The member of Parliament for St. Albert-Edmonton says delays starting a public inquiry into election interference may mean Canadians won’t learn about the extent of any foreign meddling before the next federal election.
The federal government last Wednesday announced the appointment of Justice Marie-Josée Hogue to lead the inquiry into foreign election interference, but MP Michael Cooper said the move should have come much earlier.
“It’s good that there will be a public inquiry, and I am satisfied by the terms of reference and have confidence in Justice Hogue, but it comes after seven months of inexcusable delay,” he said.
Opposition parties asked Liberals to investigate interference earlier this year when media reported on classified documents that accused China’s government of interfering in the 2019 and 2021 federal elections.
Instead of launching a public inquiry, Prime Minister Justin Trudeau appointed former governor general David Johnston as a special rapporteur. Johnston recommended against a public inquiry, angering opposition parties who questioned his impartiality. He resigned in June, citing a climate of political controversy.
“What we saw up until last week’s announcement was Justin Trudeau and the Liberals making every effort to hide and cover up the truth about Beijing’s interference,” Cooper said. “We know Justin Trudeau had been repeatedly briefed about these issues and took no meaningful action. He was, frankly, content to allow Beijing’s interference because it benefited the Liberal party.”
Hogue will deliver a final report on the matter at the end of next year. Cooper believes the delayed inquiry could prevent Canadians from learning the full truth about election interference before the next national election, although there is currently no indication that the next election will happen before October 2025.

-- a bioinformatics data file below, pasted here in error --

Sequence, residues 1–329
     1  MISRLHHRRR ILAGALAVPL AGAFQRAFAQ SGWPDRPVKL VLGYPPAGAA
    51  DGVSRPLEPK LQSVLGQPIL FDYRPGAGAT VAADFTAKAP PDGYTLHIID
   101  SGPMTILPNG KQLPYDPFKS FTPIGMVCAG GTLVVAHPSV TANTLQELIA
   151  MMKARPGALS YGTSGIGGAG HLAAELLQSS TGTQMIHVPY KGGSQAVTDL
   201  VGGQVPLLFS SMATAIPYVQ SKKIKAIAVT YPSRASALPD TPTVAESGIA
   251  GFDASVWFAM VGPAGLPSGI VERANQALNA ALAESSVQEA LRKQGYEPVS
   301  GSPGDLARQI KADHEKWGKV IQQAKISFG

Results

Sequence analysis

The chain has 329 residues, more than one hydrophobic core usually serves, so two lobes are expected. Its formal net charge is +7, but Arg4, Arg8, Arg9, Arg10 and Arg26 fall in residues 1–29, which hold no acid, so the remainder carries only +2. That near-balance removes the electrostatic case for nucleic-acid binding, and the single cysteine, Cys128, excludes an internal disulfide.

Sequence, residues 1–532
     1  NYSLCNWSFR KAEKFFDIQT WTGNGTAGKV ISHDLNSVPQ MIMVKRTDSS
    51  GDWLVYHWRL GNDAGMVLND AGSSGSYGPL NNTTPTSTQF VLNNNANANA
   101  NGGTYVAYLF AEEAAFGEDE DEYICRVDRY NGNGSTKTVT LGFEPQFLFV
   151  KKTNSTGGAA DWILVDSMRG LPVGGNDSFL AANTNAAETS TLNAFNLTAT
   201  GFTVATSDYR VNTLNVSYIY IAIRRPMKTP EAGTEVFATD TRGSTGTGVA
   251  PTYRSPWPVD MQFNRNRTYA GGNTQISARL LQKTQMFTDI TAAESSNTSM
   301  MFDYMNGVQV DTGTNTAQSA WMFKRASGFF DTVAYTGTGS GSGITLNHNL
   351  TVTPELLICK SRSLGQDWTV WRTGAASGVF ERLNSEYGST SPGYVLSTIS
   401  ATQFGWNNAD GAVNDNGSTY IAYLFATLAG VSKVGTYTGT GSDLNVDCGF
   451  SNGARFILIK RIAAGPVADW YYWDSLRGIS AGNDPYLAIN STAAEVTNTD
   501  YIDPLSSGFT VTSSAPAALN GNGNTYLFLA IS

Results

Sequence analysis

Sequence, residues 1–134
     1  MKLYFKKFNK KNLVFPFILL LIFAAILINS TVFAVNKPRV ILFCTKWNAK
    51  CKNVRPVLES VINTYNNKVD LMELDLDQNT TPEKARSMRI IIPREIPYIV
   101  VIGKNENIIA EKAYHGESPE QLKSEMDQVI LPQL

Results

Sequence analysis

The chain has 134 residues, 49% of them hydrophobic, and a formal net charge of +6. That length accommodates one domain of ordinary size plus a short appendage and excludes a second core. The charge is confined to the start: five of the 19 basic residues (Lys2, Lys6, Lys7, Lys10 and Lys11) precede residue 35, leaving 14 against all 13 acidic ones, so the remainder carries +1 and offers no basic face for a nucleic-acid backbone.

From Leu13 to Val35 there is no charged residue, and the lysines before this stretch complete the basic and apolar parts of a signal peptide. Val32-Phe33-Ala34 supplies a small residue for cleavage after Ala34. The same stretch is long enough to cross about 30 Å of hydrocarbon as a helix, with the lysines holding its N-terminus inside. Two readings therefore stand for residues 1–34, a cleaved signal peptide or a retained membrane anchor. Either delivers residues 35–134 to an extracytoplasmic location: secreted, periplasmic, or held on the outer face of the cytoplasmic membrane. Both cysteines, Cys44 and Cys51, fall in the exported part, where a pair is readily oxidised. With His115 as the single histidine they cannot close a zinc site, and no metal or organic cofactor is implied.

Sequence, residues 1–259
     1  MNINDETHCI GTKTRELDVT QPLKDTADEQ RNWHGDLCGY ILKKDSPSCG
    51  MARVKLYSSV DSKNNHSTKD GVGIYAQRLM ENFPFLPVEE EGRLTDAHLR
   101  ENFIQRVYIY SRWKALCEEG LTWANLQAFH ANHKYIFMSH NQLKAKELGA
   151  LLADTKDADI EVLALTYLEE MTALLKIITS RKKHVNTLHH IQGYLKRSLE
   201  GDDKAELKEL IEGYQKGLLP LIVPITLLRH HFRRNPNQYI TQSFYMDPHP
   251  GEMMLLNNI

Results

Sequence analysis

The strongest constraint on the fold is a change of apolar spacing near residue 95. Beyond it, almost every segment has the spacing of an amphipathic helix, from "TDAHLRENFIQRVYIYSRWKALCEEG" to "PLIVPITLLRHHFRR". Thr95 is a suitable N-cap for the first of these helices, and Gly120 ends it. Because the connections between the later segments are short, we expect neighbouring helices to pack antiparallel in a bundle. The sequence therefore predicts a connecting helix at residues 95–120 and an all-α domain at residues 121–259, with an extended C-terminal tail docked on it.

The inquiry will also investigate interference by Russia, Iran and India.
Cooper said he agrees Canada should take activities by all hostile states seriously, but the biggest threat to our democracy comes from Beijing’s communist regime.
Trudeau said last week at a press conference in Singapore that he would “willingly and with very much enthusiasm” testify before the public inquiry.
-------No comment on controversial resolutions
Last week’s Conservative convention in Quebec City saw the party’s grassroots pass a series of controversial resolutions.
Delegates from across the country voted to prohibit gender-affirming health care for transgender youth under 18, stop transgender women from using women’s washrooms and entering women’s sports, end preferential hiring of minorities for federally funded jobs, and end "forced political, cultural or ideological training of any kind," such as workplace diversity training.
Cooper said he does not want to comment on specific resolutions from the convention.
“I need to sit down with the leader, our caucus and others involved in putting together a national platform to carefully consider all of the resolutions,” he said.
“Pierre Poilievre in his speech laid out a comprehensive vision that was centred around restoring powerful paycheques by lowering taxes and making life more affordable by ending inflationary deficits and scrapping the carbon tax … The platform that will be developed will be centred around those issues.”
Poilievre does not have to adopt the grassroots resolutions for his platform.
Kristopher Wells, associate professor and the Canada Research Chair for the Public Understanding of Sexual and Gender Minority Youth at MacEwan University, said the resolutions put transgender people in the crosshairs of hate.
Regardless of whether they become part of Poilievre’s platform, the policies threaten the existence and humanity of transgender people, he said.
“I think our members of parliament recognize that these policies are not only discriminatory, they’re unconstitutional and a clear violation of human rights in Canada,” he said. “It’s disheartening that Pierre Poilievre and our local members of parliament are not disavowing these policy resolutions for what they are and the damage they do.
“I would say no comment is a comment — when it comes to human rights, if you’re silent, that silence speaks loudly.”